Plastic pollution is everywhere, from the depths of the oceans to mountain peaks, from public walkways to the stomachs of birds. It is in the food we eat and in the air that we breathe. "Plastic waste is now so ubiquitous in the natural environment that scientists have even suggested it could serve as a geological indicator of the Anthropocene era." (UN Environment Programme)
Building a plastic-free future is absolutely critical for the health of the planet and of humanity itself. This starts with finding real solutions to the problems created by our throwaway consumption habits.
Approximately eight million tonnes of plastic enters our water systems each year, amounting to the simply astronomical figure of 51 trillion particles annually. The largest culprit for individuals is, of course, single use plastic bottles. An estimated 7.7 billion plastic water bottles were consumed in the UK in 2018 (Water UK, 2018), with a very small fraction of these being later recycled. National Geographic estimates that 1 million bottles are sold per minute across the globe and that" single-use plastics account for 40 percent of the plastic produced every year."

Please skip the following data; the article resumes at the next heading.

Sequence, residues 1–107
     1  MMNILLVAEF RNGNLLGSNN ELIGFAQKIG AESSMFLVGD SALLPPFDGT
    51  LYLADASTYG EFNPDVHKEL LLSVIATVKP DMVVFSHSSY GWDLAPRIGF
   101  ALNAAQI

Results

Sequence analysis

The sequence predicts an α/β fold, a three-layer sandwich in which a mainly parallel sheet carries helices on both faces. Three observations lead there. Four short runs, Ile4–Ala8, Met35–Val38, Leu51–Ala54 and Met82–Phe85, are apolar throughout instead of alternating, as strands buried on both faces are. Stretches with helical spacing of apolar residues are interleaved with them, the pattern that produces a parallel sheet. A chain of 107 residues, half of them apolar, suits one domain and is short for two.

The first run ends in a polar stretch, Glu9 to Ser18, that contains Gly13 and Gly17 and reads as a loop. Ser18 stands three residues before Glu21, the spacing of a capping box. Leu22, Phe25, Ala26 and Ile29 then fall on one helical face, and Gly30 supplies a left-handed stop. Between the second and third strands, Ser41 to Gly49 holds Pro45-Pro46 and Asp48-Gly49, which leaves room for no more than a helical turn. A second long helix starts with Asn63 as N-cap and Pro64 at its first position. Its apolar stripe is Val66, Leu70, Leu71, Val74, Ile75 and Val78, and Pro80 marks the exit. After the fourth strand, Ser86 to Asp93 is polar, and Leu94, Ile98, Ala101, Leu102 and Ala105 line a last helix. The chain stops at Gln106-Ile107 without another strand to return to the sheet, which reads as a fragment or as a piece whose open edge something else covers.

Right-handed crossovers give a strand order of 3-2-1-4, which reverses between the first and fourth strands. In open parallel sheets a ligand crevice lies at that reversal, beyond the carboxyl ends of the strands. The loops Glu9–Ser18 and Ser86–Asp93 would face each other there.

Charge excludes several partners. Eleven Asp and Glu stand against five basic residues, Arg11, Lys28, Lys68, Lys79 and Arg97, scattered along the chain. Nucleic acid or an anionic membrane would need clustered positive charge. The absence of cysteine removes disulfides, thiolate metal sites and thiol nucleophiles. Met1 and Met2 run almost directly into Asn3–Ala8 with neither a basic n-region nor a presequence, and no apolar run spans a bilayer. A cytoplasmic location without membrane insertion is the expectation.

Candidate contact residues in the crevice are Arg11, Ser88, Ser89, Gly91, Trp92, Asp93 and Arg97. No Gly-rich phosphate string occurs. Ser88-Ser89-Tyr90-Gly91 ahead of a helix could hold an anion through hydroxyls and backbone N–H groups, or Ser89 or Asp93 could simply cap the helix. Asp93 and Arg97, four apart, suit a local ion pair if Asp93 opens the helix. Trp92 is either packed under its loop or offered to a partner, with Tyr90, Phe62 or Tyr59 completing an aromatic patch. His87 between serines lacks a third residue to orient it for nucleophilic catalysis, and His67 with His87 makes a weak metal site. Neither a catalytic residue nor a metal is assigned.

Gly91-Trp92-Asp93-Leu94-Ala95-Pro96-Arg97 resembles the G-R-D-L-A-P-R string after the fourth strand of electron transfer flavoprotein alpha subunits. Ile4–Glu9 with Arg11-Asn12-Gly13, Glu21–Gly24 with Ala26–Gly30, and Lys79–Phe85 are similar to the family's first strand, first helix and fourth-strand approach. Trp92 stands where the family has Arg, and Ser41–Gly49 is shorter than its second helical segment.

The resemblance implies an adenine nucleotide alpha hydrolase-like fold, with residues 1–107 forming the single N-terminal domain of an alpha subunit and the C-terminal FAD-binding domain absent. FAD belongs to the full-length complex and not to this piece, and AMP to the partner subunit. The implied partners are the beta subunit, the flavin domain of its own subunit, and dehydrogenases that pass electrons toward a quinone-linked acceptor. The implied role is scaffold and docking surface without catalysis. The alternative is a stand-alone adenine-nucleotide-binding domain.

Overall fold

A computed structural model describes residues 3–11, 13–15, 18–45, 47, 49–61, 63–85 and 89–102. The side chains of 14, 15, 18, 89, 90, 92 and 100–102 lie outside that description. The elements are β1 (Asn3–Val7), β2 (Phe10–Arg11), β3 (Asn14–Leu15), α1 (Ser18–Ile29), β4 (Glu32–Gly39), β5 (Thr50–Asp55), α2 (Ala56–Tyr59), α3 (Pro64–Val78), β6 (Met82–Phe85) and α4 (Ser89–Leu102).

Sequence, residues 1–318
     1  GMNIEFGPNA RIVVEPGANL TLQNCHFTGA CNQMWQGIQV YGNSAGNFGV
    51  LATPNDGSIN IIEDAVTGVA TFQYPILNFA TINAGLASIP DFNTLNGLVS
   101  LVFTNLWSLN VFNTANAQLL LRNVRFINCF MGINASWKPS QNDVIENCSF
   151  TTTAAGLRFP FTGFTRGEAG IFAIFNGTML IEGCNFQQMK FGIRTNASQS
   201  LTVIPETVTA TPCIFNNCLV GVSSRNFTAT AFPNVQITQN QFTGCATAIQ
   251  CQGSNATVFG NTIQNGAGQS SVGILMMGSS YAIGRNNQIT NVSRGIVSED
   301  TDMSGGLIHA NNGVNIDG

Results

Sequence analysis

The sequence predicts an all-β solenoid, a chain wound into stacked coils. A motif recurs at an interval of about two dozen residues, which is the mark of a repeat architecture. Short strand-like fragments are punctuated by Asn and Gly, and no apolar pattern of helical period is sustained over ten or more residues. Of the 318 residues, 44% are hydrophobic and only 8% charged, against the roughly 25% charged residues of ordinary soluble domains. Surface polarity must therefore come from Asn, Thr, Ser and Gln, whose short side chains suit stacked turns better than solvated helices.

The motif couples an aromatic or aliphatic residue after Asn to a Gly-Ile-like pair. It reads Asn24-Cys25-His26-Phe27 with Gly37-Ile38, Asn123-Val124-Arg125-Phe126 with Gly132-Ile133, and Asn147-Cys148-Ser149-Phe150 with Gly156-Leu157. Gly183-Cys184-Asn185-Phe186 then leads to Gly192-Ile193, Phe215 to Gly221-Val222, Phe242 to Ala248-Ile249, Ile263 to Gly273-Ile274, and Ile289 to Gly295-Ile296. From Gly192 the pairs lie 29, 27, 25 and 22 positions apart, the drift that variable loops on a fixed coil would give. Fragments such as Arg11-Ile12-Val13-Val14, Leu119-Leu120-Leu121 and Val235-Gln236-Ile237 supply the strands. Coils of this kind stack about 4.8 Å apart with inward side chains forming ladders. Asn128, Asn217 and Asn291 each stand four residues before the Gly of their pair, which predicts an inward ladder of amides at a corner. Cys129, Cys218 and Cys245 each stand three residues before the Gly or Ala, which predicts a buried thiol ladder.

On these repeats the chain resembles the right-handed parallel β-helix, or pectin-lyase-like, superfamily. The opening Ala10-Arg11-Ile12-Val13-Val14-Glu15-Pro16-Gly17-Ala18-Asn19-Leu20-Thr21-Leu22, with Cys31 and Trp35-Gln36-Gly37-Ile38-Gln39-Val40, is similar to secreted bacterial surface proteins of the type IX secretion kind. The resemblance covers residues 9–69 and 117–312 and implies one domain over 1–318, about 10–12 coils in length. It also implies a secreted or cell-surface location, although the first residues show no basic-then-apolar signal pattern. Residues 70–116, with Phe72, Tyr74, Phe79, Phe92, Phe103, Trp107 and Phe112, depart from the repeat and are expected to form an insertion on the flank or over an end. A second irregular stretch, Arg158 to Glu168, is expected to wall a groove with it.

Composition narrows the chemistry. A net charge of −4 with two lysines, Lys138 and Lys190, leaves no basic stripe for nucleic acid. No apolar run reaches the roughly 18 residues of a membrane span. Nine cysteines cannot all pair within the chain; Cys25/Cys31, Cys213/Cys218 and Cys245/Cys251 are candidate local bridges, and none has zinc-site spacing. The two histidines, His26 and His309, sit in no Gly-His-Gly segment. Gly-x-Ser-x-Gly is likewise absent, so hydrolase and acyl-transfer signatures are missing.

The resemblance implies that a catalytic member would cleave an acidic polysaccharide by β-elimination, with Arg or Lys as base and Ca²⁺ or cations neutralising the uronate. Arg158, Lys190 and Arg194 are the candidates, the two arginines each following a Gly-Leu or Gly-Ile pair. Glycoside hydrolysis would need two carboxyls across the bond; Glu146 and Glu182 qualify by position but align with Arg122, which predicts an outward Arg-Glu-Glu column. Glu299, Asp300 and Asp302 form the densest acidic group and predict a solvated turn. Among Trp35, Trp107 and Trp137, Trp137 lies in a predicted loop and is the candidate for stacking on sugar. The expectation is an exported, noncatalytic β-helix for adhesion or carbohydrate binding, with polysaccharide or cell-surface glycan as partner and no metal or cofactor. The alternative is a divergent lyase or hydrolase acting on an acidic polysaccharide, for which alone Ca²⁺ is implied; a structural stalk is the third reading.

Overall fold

The solutions often presented involve either consumers buying less bottled water, or replacing the plastic packaging with other single-use materials. But neither of these address the core problem. Our current economy is heavily based on a throwaway model, where products are designed to only last a short while and then be replaced. We both produce and throw away far too much plastic. The presence and function of bottled water in our society is a clear indication of this.
Bottled water plays multiple roles in our society. As a luxury item it is considered to be better quality than tap water and is widely employed in health and fitness; it is often advertised as an exotic and attractive product. But in other areas, bottled water is a necessity. In the case of water treatment problems, bottled water is the solution. It is delivered to areas hit by natural disasters and provided when water treatment facilities fail.
In short: bottled water is pervasive in our society and the plastic packaging situation is out of control. A radical new solution is needed to create the possibility of a plastic free future.
This is what the MCVD model strives to do. The innovative system reduces plastic bottle waste by providing high quality distilled water on tap. Distilled water is completely pure and it can have the desired minerals added to it, creating an in-home alternative to bottled water.
It is small, low maintenance and has no removable parts or filters. Through innovative long-life mineral cartridges, the MCVD provides high quality mineral water without the need for plastic packaging.
Long-Life Mineral Cartridges remineralise distilled water from our devices. One CWD cartridge produces the equivalent of 300 bottles of mineral water. These cartridges can be replenished with mineral media in the user's home, extending the life of a cartridge case, and producing 75% less CO2 than shipping fresh ones each time.
The MCVD system is a game changer because it provides both a luxury and a practical alternative to bottled water.